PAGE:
GREGORIUZ Sansevieria

Sansevierias are known by many common names, such as mother-in-law’s tongue, snake plant, devil’s tongue, African spear plant, and bowstring hemp. They are indigenous to southern and western Africa and Madagascar and fall under the plant family Asparagaceae.

Sansevierias have thick fleshy leaves reminiscent of succulents. The leaves are sword-shaped, ending in a clear point. Some species have cylindrical leaves. The leaves can grow up to thirty inches long in ideal conditions. The foliage may be varying shades of green and may also be variegated with horizontal or vertical stripes making the leaves look like snake skin.

Sansevieria are well known for their excellent air-purifying abilities. They photosynthesize at night and release oxygen into the air. Sansevieria is a versatile plant that can live in full sunlight and indirect, low light. They are ideal indoor potplants or can be grown outdoors in gardens where they are good neighbors for succulents and cacti.

Sansevieria require minimal water and do well with very little care. Sansevieria need well-drained soil and can survive long periods of drought. Experts advise watering the sansevieria once every three to four weeks and even less in winter. They are more likely to die from overwatering.

Related: 9 Plants That Look Like Snake Plants (Sansevieria)

4. Wax Plants (Hoya)

Hoya plants are often known as Wax plants as their leaves feel waxy when rubbed. They are also known as Porcelain flowers and Wax vines. Hoyas are part of the Apocynaceae or dogbane plant family. They grow naturally in many tropical and subtropical countries in Asia and Australia.

Although Hoyas differ from succulents as they grow as vines, their thick waxy leaves resemble succulent ones. In some biological classifications, they may be called succulents. The simple leaves may be smooth and shiny, hairy, or have short hairs making them look like velvet. The leaf veins are prominent in some Hoya species and invisible in others.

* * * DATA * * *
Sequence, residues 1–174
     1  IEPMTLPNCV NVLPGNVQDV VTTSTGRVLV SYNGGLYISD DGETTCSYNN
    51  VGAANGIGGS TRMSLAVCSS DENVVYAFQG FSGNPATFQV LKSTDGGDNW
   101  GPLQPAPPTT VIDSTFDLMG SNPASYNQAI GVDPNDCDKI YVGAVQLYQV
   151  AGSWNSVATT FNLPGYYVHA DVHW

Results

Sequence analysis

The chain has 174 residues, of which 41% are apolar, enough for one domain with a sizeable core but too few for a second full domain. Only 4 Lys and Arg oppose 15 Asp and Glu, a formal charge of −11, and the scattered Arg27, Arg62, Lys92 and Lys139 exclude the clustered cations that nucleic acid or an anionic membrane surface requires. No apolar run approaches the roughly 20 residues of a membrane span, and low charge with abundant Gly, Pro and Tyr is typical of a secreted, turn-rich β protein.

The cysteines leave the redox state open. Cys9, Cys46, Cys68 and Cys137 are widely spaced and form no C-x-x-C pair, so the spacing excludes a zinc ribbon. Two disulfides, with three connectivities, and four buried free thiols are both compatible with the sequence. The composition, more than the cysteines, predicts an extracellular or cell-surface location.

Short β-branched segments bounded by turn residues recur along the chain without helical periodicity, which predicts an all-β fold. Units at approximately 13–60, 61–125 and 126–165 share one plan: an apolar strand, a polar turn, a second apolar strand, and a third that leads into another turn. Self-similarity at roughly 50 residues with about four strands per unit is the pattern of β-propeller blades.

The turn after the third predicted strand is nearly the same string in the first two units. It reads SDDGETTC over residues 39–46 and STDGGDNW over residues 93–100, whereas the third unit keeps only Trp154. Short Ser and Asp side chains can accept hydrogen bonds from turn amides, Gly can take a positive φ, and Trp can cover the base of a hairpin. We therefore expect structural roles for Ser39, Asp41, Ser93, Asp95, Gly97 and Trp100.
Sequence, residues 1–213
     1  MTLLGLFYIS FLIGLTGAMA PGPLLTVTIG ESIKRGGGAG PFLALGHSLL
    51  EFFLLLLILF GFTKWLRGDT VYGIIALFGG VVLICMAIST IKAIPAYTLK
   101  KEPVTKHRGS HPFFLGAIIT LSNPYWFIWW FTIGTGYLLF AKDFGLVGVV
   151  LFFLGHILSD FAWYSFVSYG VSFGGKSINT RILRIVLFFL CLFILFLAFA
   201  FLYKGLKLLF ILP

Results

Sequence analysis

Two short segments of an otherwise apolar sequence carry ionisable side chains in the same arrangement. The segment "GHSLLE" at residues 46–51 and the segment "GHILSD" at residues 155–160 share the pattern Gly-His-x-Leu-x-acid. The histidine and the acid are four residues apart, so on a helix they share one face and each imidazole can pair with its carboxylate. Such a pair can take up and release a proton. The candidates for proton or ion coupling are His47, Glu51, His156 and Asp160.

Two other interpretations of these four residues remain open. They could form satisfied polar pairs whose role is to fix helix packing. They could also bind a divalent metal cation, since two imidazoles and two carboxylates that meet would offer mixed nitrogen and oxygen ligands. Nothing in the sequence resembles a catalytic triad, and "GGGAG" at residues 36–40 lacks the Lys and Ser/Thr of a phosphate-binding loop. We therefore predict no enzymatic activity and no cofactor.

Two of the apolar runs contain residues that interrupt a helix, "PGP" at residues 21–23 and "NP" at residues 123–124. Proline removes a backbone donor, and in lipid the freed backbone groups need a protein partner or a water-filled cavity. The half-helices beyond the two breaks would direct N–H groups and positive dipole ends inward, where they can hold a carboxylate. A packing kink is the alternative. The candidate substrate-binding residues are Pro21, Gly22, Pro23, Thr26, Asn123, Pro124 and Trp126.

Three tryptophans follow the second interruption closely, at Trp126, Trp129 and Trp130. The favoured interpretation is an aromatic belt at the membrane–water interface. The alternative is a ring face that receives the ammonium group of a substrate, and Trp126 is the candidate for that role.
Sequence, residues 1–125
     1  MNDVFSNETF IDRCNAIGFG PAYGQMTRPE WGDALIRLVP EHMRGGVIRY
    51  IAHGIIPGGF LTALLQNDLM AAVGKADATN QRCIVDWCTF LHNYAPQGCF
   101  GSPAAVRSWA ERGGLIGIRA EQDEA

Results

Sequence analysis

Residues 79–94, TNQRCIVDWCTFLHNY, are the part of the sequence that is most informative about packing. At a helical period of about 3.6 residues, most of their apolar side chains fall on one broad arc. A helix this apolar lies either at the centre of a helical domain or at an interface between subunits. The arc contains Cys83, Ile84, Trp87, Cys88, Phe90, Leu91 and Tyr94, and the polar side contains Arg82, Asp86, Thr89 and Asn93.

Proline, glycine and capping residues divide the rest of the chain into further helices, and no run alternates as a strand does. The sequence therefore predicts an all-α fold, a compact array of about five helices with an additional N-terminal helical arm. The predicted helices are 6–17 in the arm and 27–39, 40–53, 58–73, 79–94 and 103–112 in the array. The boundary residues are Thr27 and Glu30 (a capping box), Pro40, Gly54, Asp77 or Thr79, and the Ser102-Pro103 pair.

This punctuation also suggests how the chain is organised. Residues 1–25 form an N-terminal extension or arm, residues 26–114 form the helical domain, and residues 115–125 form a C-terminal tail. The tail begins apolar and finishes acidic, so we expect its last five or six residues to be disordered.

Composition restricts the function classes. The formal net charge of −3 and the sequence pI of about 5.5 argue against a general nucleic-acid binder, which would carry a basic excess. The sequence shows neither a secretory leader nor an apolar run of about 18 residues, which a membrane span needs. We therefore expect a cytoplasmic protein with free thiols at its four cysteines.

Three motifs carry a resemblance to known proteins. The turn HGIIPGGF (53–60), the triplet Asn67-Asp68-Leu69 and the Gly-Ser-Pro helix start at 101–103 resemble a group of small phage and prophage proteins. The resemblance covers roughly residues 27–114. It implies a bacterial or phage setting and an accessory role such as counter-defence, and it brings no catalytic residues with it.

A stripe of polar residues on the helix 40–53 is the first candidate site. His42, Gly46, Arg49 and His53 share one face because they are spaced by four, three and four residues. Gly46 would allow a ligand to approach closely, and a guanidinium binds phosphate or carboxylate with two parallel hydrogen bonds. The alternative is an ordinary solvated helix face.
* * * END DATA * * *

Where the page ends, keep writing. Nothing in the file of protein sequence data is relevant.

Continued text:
Hoyas are evergreen climbers that may grow on the ground, as epiphytes in the trees, or scramble over rocky areas. They can grow up to sixty feet if they have good support from strong trees. Like succulents, hoyas produce masses of brightly colored flowers.

The flowers are usually star-shaped, and the petals have a waxy texture. The flowers vary from one-eighth of an inch to almost four inches in length. The blossoms grow in umbels or circular clusters. Flowers are red, cream, white, yellow, and orange. Blue and purple-hued flowers do not occur in hoyas.

Hoyas are excellent plants for removing toxins in the air and are popular indoor plants. They grow well in warm, humid gardens.

5. Ice Plants (Aizoaceae)

Ice Plant
catharticflux Ice Plant

Ice plants are known as Delosperma and Lampranthus and belong to the family Aizoaceae. They are herbaceous perennials which may be ground covers or bushy shrubs. They are generally evergreen, like succulents, making them valuable plants to any gardener. They are sometimes known as carpet weeds or vygies and are indigenous to southern Africa.

Ice plants have succulent-like foliage, which may be narrow cylindrical leaves or broader flat simple leaves. They developed in dry arid regions and are well-equipped to cope with hot, dry weather as they store moisture in their leaves. Some ice plants are more succulent-like than others.

Ice plants are beloved and renowned for their cheerful bright flowers that may be red, yellow, blue, purple, pink, red, or white. They spread through division and seeds and create wonderful carpets of flowers in a garden. Ice plants are best when planted en masse to take maximum advantage of the colorful flowers.

Ice plants thrive in full sun. They sometimes grow in dappled shade but produce fewer flowers in these conditions. Good soil drainage is an essential feature. They will grow in sandy, rocky, and nutrient-poor soil. They flourish in the dry, poor soil of the inhospitable Karoo in South Africa, demonstrating how hardy they are.